Alumna studies how healthy brains age
Most research on the brain focuses on age-related diseases, such as Alzheimer’s and dementia. By comparison, little is known about how a healthy brain should age, even as modern medicine allows us to live so much longer. It’s why alumna Dr. Kristen Kennedy, Ph.D. ’07, now an associate professor at the University of Texas at Dallas, decided to study the cognitive neuroscience of aging in graduate school and beyond.
“Given the rapid population increase, especially in the numbers of aging adults,” she says, “it seemed that this would be a much-needed population to study to investigate how the brain is supposed to age healthily.”
Kennedy was a Ph.D. student at the University of Memphis when her advisor, Dr. Naftali Raz, was given the opportunity to move to Wayne State to begin the Lifespan Cognitive Neuroscience program at the Institute of Gerontology. To continue her research with Raz, she transferred to Wayne State, a decision she doesn’t regret.
“Being a part of the IOG shaped me into a well-rounded scientist,” Kennedy says, “because it was a truly interdisciplinary institute—on a daily basis I interacted with economists, sociologists, anthropologists, mathematicians, occupational and physical therapists—all focused on the study of aging.”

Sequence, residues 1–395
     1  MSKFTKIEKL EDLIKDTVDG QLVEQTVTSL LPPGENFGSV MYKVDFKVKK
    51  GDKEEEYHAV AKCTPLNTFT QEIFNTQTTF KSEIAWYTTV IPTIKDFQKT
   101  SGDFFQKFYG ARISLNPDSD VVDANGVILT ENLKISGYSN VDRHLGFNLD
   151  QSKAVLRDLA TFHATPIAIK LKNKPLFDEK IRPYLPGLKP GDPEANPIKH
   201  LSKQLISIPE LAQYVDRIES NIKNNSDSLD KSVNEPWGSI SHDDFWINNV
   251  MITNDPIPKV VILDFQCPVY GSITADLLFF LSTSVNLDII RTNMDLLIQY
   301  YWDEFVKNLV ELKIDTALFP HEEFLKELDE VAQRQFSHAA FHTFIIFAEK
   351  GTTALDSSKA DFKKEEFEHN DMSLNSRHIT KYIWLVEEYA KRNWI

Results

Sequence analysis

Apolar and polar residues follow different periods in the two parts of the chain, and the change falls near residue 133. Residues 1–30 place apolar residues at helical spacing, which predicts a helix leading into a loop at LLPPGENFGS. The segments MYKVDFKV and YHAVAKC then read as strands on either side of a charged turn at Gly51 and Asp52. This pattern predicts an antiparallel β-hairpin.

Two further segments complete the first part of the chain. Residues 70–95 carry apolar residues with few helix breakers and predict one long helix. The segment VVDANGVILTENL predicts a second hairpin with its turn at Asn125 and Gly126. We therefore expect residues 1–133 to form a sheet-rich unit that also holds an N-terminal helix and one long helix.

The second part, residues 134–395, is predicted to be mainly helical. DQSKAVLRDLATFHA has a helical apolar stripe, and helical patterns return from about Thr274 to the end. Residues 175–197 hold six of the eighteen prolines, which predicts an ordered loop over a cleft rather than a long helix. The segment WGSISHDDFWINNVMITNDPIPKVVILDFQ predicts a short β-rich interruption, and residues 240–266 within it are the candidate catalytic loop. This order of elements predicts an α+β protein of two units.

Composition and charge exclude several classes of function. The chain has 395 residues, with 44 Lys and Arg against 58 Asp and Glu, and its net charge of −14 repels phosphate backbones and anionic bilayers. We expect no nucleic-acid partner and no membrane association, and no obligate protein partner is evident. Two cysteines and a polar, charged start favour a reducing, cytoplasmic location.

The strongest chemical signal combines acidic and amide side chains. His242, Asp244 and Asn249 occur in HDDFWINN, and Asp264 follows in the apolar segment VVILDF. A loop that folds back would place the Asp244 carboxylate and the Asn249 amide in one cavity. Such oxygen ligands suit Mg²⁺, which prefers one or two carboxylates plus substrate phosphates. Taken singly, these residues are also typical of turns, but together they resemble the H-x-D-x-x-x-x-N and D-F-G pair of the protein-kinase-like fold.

Raz’s lab focused on neuroimaging of the brain’s structure as it ages.
As Kennedy prepared to propose her dissertation research topic, a new type of MRI technique called Diffusion Tensor Imaging made its debut.
“This new technique was exciting because it offered a way to image the white matter connections across the brain, which had never been possible in living humans until then.”
Inspired, her dissertation topic “focused on how the connectivity of the gray matter, by the white matter connections changed with age, and how those changes impacted different facets of our thinking—our memory, decision making, speed of thinking, and so on,” she says.
The technique has only improved in the last decade and is one Kennedy uses in her own lab to study the cognitive neuroscience of aging at UT Dallas’ Center for Vital Longevity today.
In her lab, students, postdocs and research volunteers obtain brain scans, administer neuropsychological tests to measure participants’ cognitive abilities, and process and analyze brain data, Kennedy says.
Her work has earned her a role as a handling editor of the journal NeuroImage. The opportunity has not only granted her first looks at research breakthroughs but has shed light on the scientific publishing process.
Taking advantage of professional development opportunities outside the lab is something she recommends for current and aspiring graduate students—teach a class; review manuscripts; apply for grants; and present at research conferences.
“It may seem overwhelming at the time, and it is certainly not sustainable for a whole career, but during graduate school, I think it is worthwhile…to see the breadth of activities that go on in your future field.”